This is not a direct translation of Henrik Ibsen’s (1828-1906) famous and controversial play from 1890, but a new adaptation by award-winning Australian playwright, Joanna Murray-Smith, bringing it into the present.
Hedda was spoiled by her father, General Gabler, and treats the world as though it owes her everything. With her father’s death she lost her position of wealth and privilege so married Jorgan Tessman on the expectation of his professorship.
Returning from the honeymoon they find that one of her past lovers, Eilert Lovborg, has overcome his alcoholism, thanks to Thea Elvested, who has left her husband for him, and he has produced an impressive book with another ready to publish. Judge Brack, who had brokered Jorgan’s promotion, warns that it could now be in jeopardy.
Geoff Cobham’s set design is harsh. Outside is a Norwegian winter, bleak with lifeless trees. Inside is a room in minimalist style, with only a settee and a desk and chair. His lighting design adds to the harshness, brightly lighting the room, but cold and colourless. DJ TR!P’s music is just as harsh, a barely bearable thundering beat under an electronic shrieking. Even Ailsa Paterson’s costumes seem at odds with a group of intellectuals, members of the smart set. There is no relief from Hedda’s influence.
Director Geordie Brookman ensures that there is a corresponding mood running through the play, beginning within Hedda and spreading, infecting everybody around her. Alison Bell’s Hedda is, by turns, detached, brittle, and largely uncaring. She gives a powerful and nicely understated performance, reminding us of a spider in the middle of her web pulling on threads to make the victims jump for her amusement.
Cameron Goodall’s Jorgen is ‘nice’. Goodall fills his character convincingly with warmth, gentleness, generosity, kindness, honesty and other fine qualities that, in the end, are the weaknesses that Hedda exploits.
Carmel Johnson’s Aunt Julle is a thoughtful, loving and motherly woman. Johnson finds links to Goodall’s Jorgen, bringing out complementary traits that ensure that we see where his finer qualities came from. Together they establish a clear family bond between their characters.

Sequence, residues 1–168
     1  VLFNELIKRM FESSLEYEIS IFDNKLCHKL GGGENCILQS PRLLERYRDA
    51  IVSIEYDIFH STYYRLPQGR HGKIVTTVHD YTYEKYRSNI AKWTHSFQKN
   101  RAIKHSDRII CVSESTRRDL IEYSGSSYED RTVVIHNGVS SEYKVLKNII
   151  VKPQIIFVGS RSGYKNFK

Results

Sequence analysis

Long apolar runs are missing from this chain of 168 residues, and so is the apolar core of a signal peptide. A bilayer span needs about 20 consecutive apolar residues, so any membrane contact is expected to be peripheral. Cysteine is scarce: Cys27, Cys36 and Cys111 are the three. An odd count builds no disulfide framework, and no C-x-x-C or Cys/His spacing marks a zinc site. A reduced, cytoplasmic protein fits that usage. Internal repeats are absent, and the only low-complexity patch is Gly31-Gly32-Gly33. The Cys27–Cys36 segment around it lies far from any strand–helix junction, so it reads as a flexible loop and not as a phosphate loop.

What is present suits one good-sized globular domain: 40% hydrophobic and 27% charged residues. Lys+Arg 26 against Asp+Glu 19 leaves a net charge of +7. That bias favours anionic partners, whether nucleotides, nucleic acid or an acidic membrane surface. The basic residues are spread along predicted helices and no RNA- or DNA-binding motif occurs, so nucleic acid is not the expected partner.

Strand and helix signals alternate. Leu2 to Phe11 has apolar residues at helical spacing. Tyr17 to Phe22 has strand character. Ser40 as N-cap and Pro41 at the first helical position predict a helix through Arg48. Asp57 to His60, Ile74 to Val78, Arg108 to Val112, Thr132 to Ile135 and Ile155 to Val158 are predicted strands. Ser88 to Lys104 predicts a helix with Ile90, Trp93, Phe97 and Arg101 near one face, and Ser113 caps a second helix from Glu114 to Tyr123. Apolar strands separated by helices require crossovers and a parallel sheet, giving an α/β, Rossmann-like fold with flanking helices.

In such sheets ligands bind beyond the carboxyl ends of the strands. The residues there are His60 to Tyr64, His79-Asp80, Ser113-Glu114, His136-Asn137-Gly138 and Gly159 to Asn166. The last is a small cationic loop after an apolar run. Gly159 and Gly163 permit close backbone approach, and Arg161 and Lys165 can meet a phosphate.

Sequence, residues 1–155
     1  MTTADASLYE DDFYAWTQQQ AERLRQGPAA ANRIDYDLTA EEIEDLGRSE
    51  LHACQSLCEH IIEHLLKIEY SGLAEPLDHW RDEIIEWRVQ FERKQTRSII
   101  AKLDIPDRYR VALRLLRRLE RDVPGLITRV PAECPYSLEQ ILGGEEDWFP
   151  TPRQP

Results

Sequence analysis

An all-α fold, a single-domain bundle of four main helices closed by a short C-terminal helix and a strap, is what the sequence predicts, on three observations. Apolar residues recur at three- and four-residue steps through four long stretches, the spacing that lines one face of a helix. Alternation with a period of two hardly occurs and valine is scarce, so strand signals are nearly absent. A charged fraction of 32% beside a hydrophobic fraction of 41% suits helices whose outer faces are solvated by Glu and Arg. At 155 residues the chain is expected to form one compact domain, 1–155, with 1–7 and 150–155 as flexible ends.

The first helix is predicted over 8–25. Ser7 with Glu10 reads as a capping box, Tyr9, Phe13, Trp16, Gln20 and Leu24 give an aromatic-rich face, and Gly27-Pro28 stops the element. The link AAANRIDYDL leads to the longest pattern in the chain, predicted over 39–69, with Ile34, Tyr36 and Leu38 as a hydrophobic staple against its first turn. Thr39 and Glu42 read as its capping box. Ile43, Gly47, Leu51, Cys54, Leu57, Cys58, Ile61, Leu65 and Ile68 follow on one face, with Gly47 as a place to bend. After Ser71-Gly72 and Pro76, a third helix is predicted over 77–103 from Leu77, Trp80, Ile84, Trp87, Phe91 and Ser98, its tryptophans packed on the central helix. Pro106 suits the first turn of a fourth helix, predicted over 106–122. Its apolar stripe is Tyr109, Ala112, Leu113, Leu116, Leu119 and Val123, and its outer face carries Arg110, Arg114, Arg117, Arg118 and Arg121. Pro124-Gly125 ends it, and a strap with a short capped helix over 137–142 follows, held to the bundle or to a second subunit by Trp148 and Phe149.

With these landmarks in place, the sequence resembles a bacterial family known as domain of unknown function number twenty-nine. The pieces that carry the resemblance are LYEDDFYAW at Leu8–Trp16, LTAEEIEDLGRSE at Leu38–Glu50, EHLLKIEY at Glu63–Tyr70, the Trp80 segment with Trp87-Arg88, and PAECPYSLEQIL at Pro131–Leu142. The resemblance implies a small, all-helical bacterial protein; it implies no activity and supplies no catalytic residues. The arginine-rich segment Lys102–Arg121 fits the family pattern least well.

Terence Crawford is the power broker Judge Brack, a manipulative man who gives as good as he gets from Hedda. Crawford gives Brack a quiet inner strength with an outward tranquillity and presents him as a charismatic but often unpleasantly smug man.
Nathan O’Keefe is a wonderful comic but here he has a chance to show his equally great ability as a dramatic actor in the tragic role of the self-destructive Eilert Lovborg. His performance is multi-faceted, making Lovborg bipolar with some brilliantly executed mood swings, triggered by the goading of the mean spirited Hedda.
Kate Cheel drew plenty of praise for her recent role in The Glass Menagerie and in an outstanding performance as Thea Elvested, has justified that acclaim given to her then. There are many levels subtly occurring below the surface in her characterisation. The love for Lovborg, the support for his work and her drive to publish it are only a small part of what Cheel gives us in the role. She has a big future ahead.
You will not leave the theatre unmoved by this excellent piece of work, so be sure to make a date soon with Hedda Gabler.
Reviewed by Barry Lenny, Arts Critic, Glam Adelaide
Venue: Dunstan Playhouse, Adelaide Festival Centre, King William Road, Adelaide
Season: to Saturday 18th May 2013
Duration: 1hr 45min no intvl.
Tickets: $25 to $55
Bookings: BASS 131 246 or here
Vision Impaired performances: Saturday 4 May 2pm and Tuesday 7 May 6.30pm
Captioned performance: Wednesday 15 May 11am